The diagram of a FAST FP-EXP-0201 Expansion Board below illustrates this concept. This board has four built-in RGB LED ports (which can contain chains of up to 32 LEDs each). Those four LED ports are running on the onboard "Breakout Board 0". If you want to drive more than 128 LEDs from this Expansion Board, you can add an LED breakout board which would connect to one of the Breakout Broad headers.
This modular architecture allows pinball makers the flexibility to configure their FAST hardware for the exact device types and counts they need. It also allows for custom breakout boards to be built for specific scenarios. (For example, maybe you have a few lighting boards with lots of LEDs on them. We can then design a custom LED board that acts as a Breakout Board and connects directly to one of the Breakout headers on an Expansion Board.)
Breakout boards are individually addressable via a single nibble (0-5) added to the end of the Expansion Board address. Some examples are shown below:
- FP-EXP-0201 Expansion Board at ID 0 (Address
88), Onboard Breakout 0 (Address
- FP-EXP-0071 Expansion Board at ID 1 (Address
B5), Onboard Breakout 0 (Address
- FP-EXP-0201 Expansion Board at ID 3 (Address
8B), Remote Breakout 2 (Address
The Neuron Controller has a built-in Expansion Board too!¶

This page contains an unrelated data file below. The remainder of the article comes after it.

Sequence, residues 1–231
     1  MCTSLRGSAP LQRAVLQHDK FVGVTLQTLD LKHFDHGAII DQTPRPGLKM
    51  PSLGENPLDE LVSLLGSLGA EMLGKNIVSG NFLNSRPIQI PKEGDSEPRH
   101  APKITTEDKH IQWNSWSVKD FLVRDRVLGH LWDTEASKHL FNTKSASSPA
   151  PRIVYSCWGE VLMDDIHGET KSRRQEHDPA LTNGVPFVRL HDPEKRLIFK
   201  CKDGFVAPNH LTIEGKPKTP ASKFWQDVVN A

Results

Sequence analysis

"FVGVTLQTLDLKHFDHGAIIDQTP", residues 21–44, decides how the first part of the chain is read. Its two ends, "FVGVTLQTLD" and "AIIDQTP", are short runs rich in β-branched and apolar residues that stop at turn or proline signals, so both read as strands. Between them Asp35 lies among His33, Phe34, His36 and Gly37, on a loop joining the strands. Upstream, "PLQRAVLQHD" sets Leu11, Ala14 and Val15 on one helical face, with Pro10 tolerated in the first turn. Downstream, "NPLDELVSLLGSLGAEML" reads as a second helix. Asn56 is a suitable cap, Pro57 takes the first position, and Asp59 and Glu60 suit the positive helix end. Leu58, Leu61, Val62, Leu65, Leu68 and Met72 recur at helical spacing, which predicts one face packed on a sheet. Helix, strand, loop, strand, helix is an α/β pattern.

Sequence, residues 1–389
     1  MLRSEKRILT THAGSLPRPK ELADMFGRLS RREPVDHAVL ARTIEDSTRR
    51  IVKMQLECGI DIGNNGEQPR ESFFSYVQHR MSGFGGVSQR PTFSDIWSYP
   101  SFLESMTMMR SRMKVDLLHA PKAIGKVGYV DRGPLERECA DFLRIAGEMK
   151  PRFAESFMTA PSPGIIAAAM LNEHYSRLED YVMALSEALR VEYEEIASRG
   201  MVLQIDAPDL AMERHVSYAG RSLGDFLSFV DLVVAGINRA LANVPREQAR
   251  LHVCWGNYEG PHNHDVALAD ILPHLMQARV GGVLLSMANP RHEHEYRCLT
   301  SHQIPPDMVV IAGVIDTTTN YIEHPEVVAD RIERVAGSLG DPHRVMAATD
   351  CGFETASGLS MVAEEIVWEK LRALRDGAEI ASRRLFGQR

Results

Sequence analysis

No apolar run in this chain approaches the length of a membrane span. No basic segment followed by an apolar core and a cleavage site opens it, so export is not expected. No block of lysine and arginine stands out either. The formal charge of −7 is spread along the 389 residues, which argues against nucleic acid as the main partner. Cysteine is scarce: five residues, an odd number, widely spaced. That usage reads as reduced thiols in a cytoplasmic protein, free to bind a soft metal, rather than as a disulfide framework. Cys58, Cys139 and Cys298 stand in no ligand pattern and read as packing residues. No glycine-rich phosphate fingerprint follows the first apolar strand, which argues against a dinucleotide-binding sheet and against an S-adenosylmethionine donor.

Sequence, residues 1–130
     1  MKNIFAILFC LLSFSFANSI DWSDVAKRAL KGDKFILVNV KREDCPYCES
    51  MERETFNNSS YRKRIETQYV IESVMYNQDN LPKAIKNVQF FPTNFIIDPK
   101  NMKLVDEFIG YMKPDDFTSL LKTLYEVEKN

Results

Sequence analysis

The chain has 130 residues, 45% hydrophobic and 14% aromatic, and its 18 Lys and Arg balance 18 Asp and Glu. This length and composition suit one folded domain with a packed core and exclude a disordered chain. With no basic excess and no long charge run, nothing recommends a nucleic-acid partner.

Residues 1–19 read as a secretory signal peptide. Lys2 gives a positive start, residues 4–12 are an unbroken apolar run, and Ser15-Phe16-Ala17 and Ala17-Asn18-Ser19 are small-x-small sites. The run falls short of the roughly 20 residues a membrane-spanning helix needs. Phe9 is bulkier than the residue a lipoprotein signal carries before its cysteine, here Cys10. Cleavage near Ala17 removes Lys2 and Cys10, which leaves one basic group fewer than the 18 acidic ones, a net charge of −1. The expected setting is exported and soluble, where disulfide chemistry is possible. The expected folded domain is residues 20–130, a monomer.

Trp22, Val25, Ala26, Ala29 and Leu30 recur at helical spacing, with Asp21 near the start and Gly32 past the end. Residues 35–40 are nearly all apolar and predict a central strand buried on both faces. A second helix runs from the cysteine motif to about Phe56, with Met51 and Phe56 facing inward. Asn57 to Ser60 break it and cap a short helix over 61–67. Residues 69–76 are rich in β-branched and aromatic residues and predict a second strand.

You may have noticed from the table above that there's an entry for the FAST Neuron Controller. That's because the Neuron has an Expansion Board built into it. So those 4-ports of LEDs on the Neuron are controlled via the Expansion Bus, using the Neuron's address
48. The built-in LED ports are Breakout Board 0, and then there are also three additional breakout board headers for additional connections. (The FAST Smart Power Filter Board connects to one of these, for example.)
What do you do with these addresses?¶
Now that we've looked at how Expansion Boards and their Breakout Boards are combined to get the full address for a device, let's look at how you use them. There are two options:
- Embed the address into a FAST Serial Protocol Command
- Set the "active" board, then send normal commands
Let's look at each.
Embedding Expansion+Breakout addresses into a command¶
Most FAST Serial Protocol commands for expansion and breakout boards can take an address parameter embedded into the command itself. Let's look at a simple example, using the
ID: command. (All of these examples are valid only on the EXP bus)
ID:Since this does not have an address embedded, one of the connected Expansion Boards will respond indicating the active connection is to an EXP bus.
ID@88:This is addressed to the FP-EXP-0201 Expansion Board with no solder jumpers. If you have one of these boards plugged in to your EXP Bus, then this board will respond with its ID. (If the address is not valid for a board that's connected, there will be no response.)
ID@881:This is addressed to the remote breakout board connected to Breakout 1 on that same expansion board. If a breakout board is attached, its processor will respond to this
ID:command. If there is no breakout board attached to Breakout 1, then this command will have no response.
Most (but not all) commands can have an address embedded into them. For example:
RA@880:005500 Turn all LEDs medium green, for LEDs attached to the built-in Breakout Board 0 (e.g. the 4 built-in LED ports) on an FP-EXP-0201 with no solder jumpers set.